And that's still the crux here: In order to implement this feature in the spec you need hardware supporting it! But hardware currently does not support it, meaning it has to resort to expensive emulation steps to support it. You simply do not want that in the most time critical part of the entire driver, namely the draw calls. You want those to be as efficient as they possibly can be.



Let's also deprecate PRI then, because fetching groups of indices of standardized quantity is so much easier - just iterationally stride by n indices, pick next batch of n indices and rasterize a new primitive - this way there will be no need to check indices for special values which cause misalignment for the stride and preventing such an easy-going!:whistle:


No, strips and fans still have their use and I'd still use them if it makes sense. But it gets very hard to justify the effort to mix both, aside from poor data design. To be honest, as of this writing the only means to get such a mix of primitives I know is from the GLU tesselator and from models as old as Quake 2's MD2 format. Anything newer has already been optimized for better hardware use. So, sorry, I really have no clue what this would be there for.



IMO, if the primitive types with undefined index quantities (strips, fans) are not scheduled for deprecation, then they need to be given a "full support" so users would be encouraged to use them. PRI is just a half-way toward that: primitive is restarted, but mode stays the same. I do not think that making a second step to solve the problem completely is such an unaffordable complication.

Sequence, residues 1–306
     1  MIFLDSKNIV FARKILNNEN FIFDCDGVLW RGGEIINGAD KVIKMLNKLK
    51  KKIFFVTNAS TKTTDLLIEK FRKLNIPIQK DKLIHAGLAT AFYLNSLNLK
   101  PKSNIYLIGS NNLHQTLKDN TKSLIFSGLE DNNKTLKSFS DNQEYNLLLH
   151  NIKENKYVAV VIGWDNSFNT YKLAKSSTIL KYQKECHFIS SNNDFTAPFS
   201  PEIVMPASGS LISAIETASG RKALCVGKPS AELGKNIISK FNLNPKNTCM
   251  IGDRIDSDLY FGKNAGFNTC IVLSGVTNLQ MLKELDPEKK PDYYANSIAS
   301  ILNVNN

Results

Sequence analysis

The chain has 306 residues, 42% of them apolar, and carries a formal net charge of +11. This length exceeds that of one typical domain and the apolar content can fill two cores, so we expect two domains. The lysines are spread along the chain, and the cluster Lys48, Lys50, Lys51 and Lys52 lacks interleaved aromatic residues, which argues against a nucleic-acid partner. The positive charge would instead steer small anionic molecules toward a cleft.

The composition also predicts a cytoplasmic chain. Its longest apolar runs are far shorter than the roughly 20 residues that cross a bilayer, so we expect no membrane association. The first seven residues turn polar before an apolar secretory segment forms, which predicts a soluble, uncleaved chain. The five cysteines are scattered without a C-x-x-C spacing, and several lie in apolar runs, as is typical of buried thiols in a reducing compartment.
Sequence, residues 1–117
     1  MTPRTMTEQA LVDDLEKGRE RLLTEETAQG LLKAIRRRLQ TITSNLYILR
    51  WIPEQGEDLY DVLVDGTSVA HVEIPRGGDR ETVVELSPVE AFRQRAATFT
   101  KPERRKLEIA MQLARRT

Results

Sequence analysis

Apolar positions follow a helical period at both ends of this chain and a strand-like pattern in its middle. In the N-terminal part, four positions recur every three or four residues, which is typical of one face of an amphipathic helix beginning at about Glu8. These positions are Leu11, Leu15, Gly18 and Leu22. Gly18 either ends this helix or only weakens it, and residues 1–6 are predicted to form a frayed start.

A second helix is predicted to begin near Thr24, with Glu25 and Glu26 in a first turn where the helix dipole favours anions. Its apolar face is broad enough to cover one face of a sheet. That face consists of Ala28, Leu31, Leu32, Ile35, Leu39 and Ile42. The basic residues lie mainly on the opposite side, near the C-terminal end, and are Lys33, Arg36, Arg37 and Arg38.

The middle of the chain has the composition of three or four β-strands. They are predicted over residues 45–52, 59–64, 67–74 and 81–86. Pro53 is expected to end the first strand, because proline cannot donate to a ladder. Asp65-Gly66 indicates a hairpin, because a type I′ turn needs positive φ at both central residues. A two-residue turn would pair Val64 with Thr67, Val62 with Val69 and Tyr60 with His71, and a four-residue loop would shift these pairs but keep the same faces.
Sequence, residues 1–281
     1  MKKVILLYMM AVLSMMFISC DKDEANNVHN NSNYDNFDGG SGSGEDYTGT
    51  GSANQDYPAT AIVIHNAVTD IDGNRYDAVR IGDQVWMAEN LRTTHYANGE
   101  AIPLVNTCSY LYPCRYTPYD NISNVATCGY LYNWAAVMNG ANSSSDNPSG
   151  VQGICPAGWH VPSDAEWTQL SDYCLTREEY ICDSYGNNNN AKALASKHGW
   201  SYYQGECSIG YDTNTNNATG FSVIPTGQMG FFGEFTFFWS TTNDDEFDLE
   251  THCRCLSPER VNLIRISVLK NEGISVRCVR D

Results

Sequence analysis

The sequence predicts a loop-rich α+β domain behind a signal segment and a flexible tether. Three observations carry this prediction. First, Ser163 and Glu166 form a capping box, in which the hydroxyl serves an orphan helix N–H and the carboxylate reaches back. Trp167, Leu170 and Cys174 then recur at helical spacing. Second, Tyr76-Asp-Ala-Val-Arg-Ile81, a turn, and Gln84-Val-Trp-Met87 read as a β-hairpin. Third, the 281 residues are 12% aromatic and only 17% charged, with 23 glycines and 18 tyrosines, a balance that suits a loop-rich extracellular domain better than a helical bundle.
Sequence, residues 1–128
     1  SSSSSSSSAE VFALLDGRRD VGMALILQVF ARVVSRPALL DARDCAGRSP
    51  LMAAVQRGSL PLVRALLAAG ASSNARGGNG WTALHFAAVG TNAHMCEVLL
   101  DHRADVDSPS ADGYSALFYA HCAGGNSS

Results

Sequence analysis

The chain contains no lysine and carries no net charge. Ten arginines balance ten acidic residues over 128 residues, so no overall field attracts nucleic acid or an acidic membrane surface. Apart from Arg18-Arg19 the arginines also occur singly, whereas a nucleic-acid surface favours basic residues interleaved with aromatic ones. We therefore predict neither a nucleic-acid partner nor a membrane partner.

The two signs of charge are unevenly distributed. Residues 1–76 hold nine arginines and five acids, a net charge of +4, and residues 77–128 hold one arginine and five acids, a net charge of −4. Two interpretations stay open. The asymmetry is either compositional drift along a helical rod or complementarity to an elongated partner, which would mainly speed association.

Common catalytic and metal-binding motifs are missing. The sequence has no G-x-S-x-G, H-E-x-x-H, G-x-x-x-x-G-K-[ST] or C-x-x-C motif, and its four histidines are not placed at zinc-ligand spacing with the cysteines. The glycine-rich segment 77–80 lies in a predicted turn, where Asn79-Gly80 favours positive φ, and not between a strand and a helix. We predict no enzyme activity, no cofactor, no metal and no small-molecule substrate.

No, they are not. They do not need to have to because they still get universal support by all existing hardware, meaning that issuing one draw call results in the driver starting one GPU operation. But if the hardware can't switch on its own to a different primitive type your suggestion would mean that it has to resort to emulation to satisfy your request, meaning it has to analyze the buffer on the CPU, see where some primitive type change occurs and then dispatch single draw calls. I can't stress this enough: YOU DO NOT WANT THAT!!!.



If the same amount of triangles could be rasterized faster in GL_TRIANGLES mode rather than in strips, quads, fan or any other modes, then there is nothing to argue about - downconverting other types of primitives into a unified array of triangles is easy. But if there is no difference in rendering speed, then the small benefits like IBO size saving and user-side simplifications start to play toward the PSI extension.

No, they don't. You want a small benefit that'd require a significant investment in hardware complexity. That game will never play off. If you have an index buffer on the GPU, it has to be in a form that the GPU can efficiently consume, not in a format that's as small as possible and certainly not in a format that allows you to do shortcuts in your CPU code.

Have you ever asked yourself why even the most newfangled indirect draw calls allow no switch of primitive types? Right, that's because the hardware is not designed to do it. And ultimately that's the only thing a new feature should be measured against: If it got universal hardware support, yes put it in, if it'd require emulation, leave it out. And that's the end of story, you can argue as much with your buffer size savings - they don't mean anything if they cause inefficiencies - especially if it's for a problem that can already be solved with existing features.

And trust me, this one's extremely low on the hardware makers' radar. They have absolutely no motivation to add features that provide no quantifiable benefit for some measly memory savings.

Yandersen
06-20-2014, 05:35 AM
Alright then, I am reasoned now, thanks everybody for contribution! I see that primitive switching index is rather a PITA than an advantage.
The topic may be closed, I think...